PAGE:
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David Bollier is giving a Berkman talk on governing the commons. David is the author of Viral Spiral: How the Commoners Built a Digital Republic of Their Own. His talk: “How shall we govern the commons?”

NOTE: Live-blogging. Getting things wrong. Missing points. Omitting key information. Introducing artificial choppiness. Over-emphasizing small matters. Paraphrasing badly. Not running a spellpchecker. Mangling other people’s ideas and words. You are warned, people.

His book looks at the arc of the development of open access and commonses. [What the heck is the plural of “commons”?] The commons is a new sector, and how we govern it is an urgent issue. Benkler, Zittrain, Lessig, and Bauers have addressed this, David says.

The commons is an ancient, new, and misunderstood paradigm, David says. It dates back to the medieval grazing of cattle. It’s a social system for managing shared resources. It was also a source of collective purposes, and custom and tradition. He recommends “The Magna Carta Manifesto” that looks at the struggle for the commons, with the Magna Carta being an armistice. The public domain was the closest we had to a commons until around 2000. The public domain was viewed by copyright traditionalists as a junkyward because the only people in it were things that had no commercial value. The first law review article on the commons didn’t occur until 1981. He cites Jack Valenti, a rich quote about a public domain work as “soiled and haggard, barren of its previous virtues.” Richard Stallman showed the efficacy and virtues of free software. He showed that incompatible code leads to a tower of Babel. The problem with Stallman’s Emacs Commune was that everything had to feed back to a central source (Stallman) and there was no governance. The General Public License gave legal protections to the Commons. Then the Net took off. We got new infrastructures for building commons, technologic, legal, and social.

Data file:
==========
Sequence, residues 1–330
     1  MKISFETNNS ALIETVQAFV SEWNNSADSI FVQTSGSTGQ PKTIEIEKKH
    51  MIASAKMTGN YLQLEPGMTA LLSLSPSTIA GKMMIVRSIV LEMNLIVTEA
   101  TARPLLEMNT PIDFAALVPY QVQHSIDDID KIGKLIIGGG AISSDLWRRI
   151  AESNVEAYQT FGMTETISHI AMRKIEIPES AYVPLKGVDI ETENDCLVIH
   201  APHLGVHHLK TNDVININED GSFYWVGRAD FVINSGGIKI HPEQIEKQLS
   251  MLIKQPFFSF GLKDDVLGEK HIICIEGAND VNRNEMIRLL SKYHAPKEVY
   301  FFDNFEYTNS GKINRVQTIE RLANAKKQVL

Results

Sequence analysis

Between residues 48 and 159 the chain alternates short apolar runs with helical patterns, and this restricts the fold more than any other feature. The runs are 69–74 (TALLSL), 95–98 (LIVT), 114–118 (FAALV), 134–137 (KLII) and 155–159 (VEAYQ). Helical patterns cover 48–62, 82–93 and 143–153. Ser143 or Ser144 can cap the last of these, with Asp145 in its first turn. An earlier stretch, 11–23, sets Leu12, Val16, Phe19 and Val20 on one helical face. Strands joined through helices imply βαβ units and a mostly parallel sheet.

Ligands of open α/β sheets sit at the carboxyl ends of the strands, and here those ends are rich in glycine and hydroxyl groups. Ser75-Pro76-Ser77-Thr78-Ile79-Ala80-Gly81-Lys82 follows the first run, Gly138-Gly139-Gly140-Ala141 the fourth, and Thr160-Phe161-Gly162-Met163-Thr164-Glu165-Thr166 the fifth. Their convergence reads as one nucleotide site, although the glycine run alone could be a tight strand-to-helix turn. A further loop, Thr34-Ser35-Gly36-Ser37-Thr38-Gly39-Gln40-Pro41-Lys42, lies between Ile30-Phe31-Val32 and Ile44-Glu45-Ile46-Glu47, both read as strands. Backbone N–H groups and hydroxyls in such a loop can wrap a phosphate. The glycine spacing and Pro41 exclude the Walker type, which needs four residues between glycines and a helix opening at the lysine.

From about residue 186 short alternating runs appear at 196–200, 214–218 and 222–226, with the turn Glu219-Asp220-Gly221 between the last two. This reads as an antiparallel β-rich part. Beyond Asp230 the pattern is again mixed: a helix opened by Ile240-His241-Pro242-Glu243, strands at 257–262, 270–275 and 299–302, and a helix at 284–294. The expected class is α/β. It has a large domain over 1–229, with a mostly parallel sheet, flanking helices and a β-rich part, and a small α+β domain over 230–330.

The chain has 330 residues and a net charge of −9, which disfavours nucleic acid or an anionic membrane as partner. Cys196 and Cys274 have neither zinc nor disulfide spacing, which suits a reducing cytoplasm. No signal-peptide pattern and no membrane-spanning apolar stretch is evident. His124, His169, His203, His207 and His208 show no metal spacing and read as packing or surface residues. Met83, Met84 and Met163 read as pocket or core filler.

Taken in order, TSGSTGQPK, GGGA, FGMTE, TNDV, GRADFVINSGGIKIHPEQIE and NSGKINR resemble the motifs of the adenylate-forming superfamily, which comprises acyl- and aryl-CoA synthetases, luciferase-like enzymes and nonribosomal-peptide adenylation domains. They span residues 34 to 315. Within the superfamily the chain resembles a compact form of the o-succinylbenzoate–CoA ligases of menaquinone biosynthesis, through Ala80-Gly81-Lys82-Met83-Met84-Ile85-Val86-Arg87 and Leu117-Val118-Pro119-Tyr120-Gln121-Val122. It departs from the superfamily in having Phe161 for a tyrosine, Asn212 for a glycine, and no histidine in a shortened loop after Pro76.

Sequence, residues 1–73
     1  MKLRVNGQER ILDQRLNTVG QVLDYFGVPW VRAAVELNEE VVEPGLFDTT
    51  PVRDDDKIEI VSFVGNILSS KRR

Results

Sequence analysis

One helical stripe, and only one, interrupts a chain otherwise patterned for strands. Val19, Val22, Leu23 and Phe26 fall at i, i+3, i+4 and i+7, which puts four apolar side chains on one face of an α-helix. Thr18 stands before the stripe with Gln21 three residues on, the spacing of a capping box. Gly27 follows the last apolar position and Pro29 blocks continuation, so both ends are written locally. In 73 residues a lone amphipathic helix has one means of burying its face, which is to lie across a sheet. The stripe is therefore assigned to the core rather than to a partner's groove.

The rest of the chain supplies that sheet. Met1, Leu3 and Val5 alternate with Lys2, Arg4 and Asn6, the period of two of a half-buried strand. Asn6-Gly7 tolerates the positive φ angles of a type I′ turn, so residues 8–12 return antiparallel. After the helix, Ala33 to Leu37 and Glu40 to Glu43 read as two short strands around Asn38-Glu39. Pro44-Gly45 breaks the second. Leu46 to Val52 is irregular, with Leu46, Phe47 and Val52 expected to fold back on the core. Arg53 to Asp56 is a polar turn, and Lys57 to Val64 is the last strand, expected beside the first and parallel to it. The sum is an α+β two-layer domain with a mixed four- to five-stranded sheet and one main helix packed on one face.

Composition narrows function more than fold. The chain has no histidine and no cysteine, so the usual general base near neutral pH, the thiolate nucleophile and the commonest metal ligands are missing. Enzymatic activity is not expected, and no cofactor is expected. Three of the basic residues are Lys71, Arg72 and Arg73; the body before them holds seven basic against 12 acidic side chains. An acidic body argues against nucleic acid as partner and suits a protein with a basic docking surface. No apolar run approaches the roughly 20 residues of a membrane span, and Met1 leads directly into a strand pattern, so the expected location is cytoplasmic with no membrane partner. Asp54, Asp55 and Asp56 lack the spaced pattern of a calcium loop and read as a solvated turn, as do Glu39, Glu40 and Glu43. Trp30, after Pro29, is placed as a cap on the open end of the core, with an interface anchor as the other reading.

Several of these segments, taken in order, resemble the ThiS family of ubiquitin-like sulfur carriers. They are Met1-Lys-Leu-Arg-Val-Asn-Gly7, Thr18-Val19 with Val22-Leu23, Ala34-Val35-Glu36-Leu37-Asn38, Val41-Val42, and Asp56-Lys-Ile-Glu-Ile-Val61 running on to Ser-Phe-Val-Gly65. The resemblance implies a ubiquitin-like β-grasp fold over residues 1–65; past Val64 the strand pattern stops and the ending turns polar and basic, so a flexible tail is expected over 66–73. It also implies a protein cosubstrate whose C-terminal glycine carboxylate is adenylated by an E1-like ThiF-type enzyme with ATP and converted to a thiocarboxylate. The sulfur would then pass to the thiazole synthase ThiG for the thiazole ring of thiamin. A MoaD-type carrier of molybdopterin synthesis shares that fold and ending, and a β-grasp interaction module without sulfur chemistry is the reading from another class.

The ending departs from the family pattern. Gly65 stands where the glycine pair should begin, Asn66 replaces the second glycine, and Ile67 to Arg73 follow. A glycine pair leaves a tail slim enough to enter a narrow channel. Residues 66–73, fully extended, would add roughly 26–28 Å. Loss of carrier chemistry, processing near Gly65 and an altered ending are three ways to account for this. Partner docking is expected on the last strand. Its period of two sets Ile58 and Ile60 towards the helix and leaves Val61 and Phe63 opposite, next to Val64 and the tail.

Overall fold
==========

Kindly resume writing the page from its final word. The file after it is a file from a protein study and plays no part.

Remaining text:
Garrett Hardin who wrote about the “tragedy of the commons” later acknowledged that it didn’t apply to commons that have governance. The commons is generative (to use Jonathan Zittrain’s term). “The commons is a macro-economic and cultural force in its own right.” So, how shall we govern it? “This area is terribly under-theorized.” Elinor Ostrom set forth 8 design principles to allow a commons to be governed as a commons, e.g., clear boundaries, appropriateness to the local area, monitoring, transparency, graduated sanctions against free riders and vandals…

Ostrom once showed David a photo of a chair occupying a shoveled out space during a snow storm with a chair occupying it until the person who shoveled it comes back. Ostrom says that that’s a commons because, “It’s a shared understanding by the neighborhood about how to allocate a scarce resource.” David says a commons arises when a neighborhood decides to manage a resource in an equitable way. One thing this shows is a conflict between commons governance and government, since the mayor tried to ban this practice.

He says we need a new taxonomy of digital commons. How do you protect the integrity of the shared resource and the community itself. He points to some distinctions: